In the aftermath of the X-case, an almighty mess ensued for Irish politics. For Irish governments had to reconcile the demands of an outraged public that an X-case never occur again with the obligation in Article 40.3.3 to guarantee unborn life. To further complicate matters, the existence of Protocol No.17 to the Maastricht Treaty which Ireland had secretly negotiated with its European Community (now Union) partners came to light. This undertook that there would be no European Union interference with the application in Ireland of Article 40.3.3. As things stood in February 1992, the Irish government would, in the forthcoming referendum on ratification of the Treaty, be asking the electorate to sanction the ‘introduction of internment for 14 year old girls’. With the lifting of the travel ban by the Supreme Court, it was let off this particular hook only for it to face intense pressure from pro-life groups, aghast at the implosion of their original strategy, for a referendum that would entrench in the Constitution their absolutist version of Article 40.3.3 before the Maastricht referendum. On this occasion, unlike 1981, this demand was resisted by the government of the day. The Treaty on European Union was duly ratified in June 1992 and an attempt was made in November that year to address the fall-out from the X-case again through the referendum device. This time rights to travel and information were written into the Constitution but a proposal to constitutionalise the legality of abortion when the life (but not the health) of the mother was at risk was defeated. Seven years later, Ireland still stands unique among liberal democracies (apart from the United States) in having no legislative provision for the regulation of the medical procedure of induced abortion.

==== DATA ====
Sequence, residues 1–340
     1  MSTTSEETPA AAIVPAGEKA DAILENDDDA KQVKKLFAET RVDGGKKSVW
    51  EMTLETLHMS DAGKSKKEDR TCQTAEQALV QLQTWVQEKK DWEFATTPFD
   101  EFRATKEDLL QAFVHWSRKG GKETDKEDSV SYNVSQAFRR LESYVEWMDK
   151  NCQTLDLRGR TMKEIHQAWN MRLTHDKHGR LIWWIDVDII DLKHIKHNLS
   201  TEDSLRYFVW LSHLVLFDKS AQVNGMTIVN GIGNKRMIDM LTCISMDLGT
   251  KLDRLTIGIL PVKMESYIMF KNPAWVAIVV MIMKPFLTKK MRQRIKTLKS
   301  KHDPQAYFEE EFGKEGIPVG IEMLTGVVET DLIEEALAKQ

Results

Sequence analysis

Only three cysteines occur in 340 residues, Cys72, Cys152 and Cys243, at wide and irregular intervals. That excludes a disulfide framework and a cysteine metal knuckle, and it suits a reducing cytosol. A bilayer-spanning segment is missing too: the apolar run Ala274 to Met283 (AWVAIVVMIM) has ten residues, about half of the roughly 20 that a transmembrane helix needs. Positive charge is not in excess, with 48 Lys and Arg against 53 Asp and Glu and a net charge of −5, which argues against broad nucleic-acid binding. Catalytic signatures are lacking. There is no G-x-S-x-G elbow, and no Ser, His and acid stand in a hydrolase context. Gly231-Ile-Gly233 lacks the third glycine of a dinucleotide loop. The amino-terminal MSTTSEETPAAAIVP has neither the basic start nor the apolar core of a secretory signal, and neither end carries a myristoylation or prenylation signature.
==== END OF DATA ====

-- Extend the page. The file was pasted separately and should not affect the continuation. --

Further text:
As things stand currently, abortion policy making appears to be ridden by ambiguity and inconsistency. It is shaped by two court cases involving minors who became pregnant in abusive circumstances, the X-case and the C-case in November 1997. The legislation which governs the activities of pregnancy counselling services, the Regulation of Information Act 1995, has been criticised for textual contradictions. These relate particularly to the distinctions made between the referral of clients by health professionals and family planning agencies to abortion clinics outside the Republic (which is deemed to be illegal) and the dissemination of information about such (which is legal).
Ultimately the failure of Irish politicians to “lead from the front” on the matter of abortion has had detrimental effects on Irish democracy. In particular, it has left the field open for a vociferous pressure group/social movement with a strong resemblance to religious fundamentalist movements elsewhere to exercise undue influence over the political system. In the process vital civil liberties were negated by the courts in the cause of the sanctity of unborn life and a culture of self- censorship developed in the print and broadcasting media which precluded serious and reflective consideration of the complexities of the issue. In addition, the holding of the 1983 and 1992 referendums engendered unprecedented levels of animosity and bigotry in Irish society.